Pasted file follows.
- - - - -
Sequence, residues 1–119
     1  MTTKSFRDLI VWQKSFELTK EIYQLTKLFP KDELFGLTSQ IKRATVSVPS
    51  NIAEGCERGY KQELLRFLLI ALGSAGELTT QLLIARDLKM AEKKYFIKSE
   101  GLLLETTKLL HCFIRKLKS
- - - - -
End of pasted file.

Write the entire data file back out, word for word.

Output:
Sequence, residues 1–119
     1  MTTKSFRDLI VWQKSFELTK EIYQLTKLFP KDELFGLTSQ IKRATVSVPS
    51  NIAEGCERGY KQELLRFLLI ALGSAGELTT QLLIARDLKM AEKKYFIKSE
   101  GLLLETTKLL HCFIRKLKS